Open-Source is an ethic I really like, and computing is important to design.  Things just move faster with open-sourcing, when many users can access the code and change it to improve the programs and offer more applications.  Companies tend to stop innovating when they become a certain size and opt instead to buy innovation from smaller groups or individuals.

But with more focus and time spent on the learning curve with the open-source programs, innovation can be occurring all the time, because individual coders and small groups can constantly be tweaking the source code in order to provide a tighter designed program.  This is what I’m after as a designer, tightest design possible.

So if you have the time, go for open-source, collaborate, and get more sites implemented.

Don’t let your children grow up to be farmers and other drugs.

An article was published the other day in the New York Times in the Opinion section detailing the crumbling structure of small farming in the U.S.  It is titled “Don’t Let Your Children Grow Up to Be Farmers”.

You can find it here.

Being a recent college graduate myself, I enjoy the impending anxious conversations with my parents about making $500 a month as an apprentice. Our head spaces couldn’t be any different. I am trying to change the inequalities in our society through Permaculture; they are trying to impress financially secure qualities in me. I understand it of course, there is a monthly nut I need to be able to cover as I find myself in a more independent adulthood.

But I am too crazy for that.

The article suggests that there should be loan forgiveness for young farmers. This is a brilliant idea. If you can believe it, farmers are less valued than teachers. I mean hegemonically of course. Politicians will pine for votes on platforms of improving teachers salaries, but there is nothing about farmers. This is systemic. The truth is we’re in the same sinking boat, but farmers are slightly lower on the crow’s nest pole. The difference is teachers, in their relatively self sacrificing occupation, benefit from eventual loan forgiveness federally. This means that a teacher may find relief after a decade of service. Not too shabby if after a Master’s degree one finds oneself to be $35,000+ in debt on the basic principle, not to mention interest (or usury depending on your views).  Though honestly, what kind of loan is that?  Pay me more than I loan you to teach our populace.  Joke.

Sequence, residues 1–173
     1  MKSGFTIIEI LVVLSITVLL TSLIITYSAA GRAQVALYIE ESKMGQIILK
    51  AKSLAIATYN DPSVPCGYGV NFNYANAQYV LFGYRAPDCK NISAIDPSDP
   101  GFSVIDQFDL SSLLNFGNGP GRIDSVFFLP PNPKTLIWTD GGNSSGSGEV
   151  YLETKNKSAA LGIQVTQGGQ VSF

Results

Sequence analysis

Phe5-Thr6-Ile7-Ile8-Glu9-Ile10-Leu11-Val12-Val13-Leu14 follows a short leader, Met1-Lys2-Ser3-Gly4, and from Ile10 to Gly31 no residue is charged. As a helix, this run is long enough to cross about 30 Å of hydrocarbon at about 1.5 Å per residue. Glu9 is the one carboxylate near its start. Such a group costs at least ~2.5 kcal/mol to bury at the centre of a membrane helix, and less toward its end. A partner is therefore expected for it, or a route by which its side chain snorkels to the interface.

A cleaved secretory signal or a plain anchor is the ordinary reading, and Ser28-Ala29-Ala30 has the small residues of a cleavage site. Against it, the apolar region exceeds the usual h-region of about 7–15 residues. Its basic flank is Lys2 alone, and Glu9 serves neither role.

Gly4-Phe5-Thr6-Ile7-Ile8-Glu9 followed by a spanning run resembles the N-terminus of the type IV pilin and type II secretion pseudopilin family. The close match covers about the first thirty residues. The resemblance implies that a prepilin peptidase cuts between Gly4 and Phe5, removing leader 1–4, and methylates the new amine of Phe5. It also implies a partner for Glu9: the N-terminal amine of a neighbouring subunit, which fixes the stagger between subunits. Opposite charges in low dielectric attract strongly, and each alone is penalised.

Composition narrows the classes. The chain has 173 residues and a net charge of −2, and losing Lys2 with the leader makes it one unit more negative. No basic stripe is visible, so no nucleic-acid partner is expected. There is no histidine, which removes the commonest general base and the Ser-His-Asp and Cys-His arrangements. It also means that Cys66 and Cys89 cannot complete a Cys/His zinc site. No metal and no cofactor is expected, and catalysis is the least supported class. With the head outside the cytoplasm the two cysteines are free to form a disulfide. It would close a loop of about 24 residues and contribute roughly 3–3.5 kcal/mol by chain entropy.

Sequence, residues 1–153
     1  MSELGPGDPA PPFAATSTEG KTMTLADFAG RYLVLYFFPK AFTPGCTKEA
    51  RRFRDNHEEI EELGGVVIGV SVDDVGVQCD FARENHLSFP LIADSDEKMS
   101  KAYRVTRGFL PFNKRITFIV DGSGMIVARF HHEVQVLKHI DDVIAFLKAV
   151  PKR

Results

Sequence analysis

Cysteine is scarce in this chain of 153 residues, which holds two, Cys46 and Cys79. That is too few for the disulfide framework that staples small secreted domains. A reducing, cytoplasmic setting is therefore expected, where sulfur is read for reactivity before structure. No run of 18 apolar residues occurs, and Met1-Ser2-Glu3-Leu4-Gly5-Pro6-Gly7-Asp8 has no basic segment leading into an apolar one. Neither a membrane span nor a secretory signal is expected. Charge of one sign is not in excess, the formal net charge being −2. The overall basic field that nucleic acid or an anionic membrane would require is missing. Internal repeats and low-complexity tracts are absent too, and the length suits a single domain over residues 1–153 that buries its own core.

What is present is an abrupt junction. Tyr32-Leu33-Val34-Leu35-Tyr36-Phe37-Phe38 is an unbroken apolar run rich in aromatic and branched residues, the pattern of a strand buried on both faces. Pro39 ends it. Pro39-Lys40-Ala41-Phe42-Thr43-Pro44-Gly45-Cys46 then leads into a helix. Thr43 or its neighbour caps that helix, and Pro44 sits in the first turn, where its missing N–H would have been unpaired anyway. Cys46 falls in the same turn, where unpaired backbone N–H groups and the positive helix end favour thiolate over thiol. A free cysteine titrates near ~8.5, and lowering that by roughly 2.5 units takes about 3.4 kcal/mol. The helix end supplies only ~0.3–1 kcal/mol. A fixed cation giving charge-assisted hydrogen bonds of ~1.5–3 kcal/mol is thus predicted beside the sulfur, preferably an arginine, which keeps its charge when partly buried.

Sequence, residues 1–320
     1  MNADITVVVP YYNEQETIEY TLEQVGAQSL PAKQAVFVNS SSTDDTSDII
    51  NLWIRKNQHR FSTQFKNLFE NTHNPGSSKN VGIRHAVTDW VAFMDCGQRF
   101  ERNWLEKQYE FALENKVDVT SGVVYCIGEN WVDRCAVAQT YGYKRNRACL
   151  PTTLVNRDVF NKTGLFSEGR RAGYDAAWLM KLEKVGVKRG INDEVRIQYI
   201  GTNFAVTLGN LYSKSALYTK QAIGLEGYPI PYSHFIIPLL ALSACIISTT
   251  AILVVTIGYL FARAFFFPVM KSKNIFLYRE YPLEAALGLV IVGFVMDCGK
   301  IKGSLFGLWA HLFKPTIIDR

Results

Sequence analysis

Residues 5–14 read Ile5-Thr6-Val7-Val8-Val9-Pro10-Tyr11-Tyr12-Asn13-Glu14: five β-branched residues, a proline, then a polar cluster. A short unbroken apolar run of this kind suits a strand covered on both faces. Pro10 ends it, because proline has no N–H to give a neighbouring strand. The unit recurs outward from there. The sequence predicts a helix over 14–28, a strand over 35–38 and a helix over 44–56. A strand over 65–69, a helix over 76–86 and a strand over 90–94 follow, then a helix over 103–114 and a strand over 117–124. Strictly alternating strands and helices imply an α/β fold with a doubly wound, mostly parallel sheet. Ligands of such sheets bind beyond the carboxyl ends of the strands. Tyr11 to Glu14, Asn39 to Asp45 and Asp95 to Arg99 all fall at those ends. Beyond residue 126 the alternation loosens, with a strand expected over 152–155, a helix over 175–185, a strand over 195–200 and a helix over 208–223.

The question we have to ask ourselves is “do we want less educated farmers?” That is the implication I personally see here. This is inequality. We’re living in the wealthiest empire ever to exist (yes empire) and we cannot even provide policy for food growers to be savvy philosophers to boot, without crippling them in debt peonage.

I consider myself to be an educated small farmer. I want to do Permaculture design but it is tough without another source of income, one I wish to find when I go back to a community college for graphic design. But the fact of the matter is that an Anthropology B.A. shouldn’t cost as much as the business B.S. This is not to mention the asinine view of a critical thinking discipline as an art and business as a science, lacking any real body of theory about the natural world we live in. An anthropology degree is of lower market value than a business degree, but the critical thinking and writing skills are essential for everyone to have access to without indebtedness. Why is the price the same?

Provide legislation to give loan forgiveness to farmers. It will provide farmers like myself with the freedom to pursue valuable polyculture research and to bolster local economies. It will provide a more educated populace equipped with the tools to break down inequality. And quite honestly, I think we can afford to give 1% of the population providing a need we have every single day a way to better themselves without unsheathing a double-edged sword.

-Colin